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  • Port cells | All 46 doors in place

    In ITER, ordinary objects and features often take on an awesome dimension. Take the doors that seal off the port cells around the Tokamak for instance. Doors th [...]

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  • Toroidal field coils | Two make a pair

    One of the essential 'building blocks' of the ITER Tokamak is the pre-assembly of two toroidal field coils, one vacuum vessel sector and corresponding panels of [...]

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  • Industrial milestone | Cryostat manufacturing comes to an end in India

    With a flag-off ceremony on 30 June, India's L&T Heavy Engineering marked the end of an eight-year industrial adventure—the manufacturing of the ITER cryost [...]

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  • Photo reportage | Travelling with a coil

    From the salt marshes of the inland sea Étang-de-Berre to the rolling hills around the ITER site (with a view of some of the highest alpine summits) an ITER con [...]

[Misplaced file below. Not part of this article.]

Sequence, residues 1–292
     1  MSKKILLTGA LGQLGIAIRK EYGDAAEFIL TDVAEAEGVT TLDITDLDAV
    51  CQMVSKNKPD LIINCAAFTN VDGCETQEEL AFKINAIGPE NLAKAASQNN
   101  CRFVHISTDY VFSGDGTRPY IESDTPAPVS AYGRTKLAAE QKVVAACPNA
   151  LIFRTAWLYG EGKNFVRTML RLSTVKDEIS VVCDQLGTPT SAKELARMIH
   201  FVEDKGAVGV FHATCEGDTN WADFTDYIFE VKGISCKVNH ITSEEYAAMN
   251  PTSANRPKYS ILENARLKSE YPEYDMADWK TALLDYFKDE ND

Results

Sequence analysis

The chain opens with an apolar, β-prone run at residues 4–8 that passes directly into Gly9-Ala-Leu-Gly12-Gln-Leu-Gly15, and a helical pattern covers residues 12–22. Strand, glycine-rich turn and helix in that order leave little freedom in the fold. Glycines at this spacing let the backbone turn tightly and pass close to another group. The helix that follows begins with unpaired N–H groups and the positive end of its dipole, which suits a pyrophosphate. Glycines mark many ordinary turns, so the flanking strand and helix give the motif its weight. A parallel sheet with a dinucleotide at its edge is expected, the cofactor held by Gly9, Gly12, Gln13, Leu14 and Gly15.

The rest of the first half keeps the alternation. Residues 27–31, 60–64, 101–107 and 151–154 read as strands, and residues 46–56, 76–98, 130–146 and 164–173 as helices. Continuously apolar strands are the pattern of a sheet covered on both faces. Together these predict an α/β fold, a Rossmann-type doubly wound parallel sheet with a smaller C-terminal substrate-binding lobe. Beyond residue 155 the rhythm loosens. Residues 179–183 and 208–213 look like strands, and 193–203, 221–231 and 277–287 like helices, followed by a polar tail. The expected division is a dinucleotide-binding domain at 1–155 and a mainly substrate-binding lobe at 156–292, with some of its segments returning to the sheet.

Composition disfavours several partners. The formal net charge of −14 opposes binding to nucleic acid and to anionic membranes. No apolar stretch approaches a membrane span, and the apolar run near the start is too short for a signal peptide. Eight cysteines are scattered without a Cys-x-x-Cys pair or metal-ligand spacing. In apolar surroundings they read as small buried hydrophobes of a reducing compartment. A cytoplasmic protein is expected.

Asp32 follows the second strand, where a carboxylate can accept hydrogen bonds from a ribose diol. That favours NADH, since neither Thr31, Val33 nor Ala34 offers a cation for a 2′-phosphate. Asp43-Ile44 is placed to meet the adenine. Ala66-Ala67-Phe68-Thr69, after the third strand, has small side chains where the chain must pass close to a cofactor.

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Of Interest

See archived entries

Measuring hard-to-diagnose 3D plasmas

A simulated plasma in the Large Helical Device showing the thin blue saddle coils that researchers used to make diagnostic measurements with the new computer code. (Click to view larger version...)
A simulated plasma in the Large Helical Device showing the thin blue saddle coils that researchers used to make diagnostic measurements with the new computer code.
Scientists at the US Department of Energy's Princeton Plasma Physics Laboratory (PPPL) and the National Institute for Fusion Science (NIFS) in Japan have developed a rapid method for meeting a key challenge for fusion science. The challenge has been to simulate the diagnostic measurement of plasmas produced by twisting, or 3D, magnetic fields in fusion facilities. While such fields characterize facilities called stellarators, otherwise symmetric, or 2D, facilities such as tokamaks also can benefit from 3D fields.

Researchers led by PPPL physicist Sam Lazerson have now created a computer code that simulates the required diagnostics, and have validated the code on the Large Helical Device stellarator in Japan. Called "Diagno v2.0," the new program utilizes information from previous codes that simulate 3D plasmas without the diagnostic measurements. The addition of this new capability could, with further refinement, enable physicists to predict the outcome of 3D plasma experiments with a high degree of accuracy.

Read more here.


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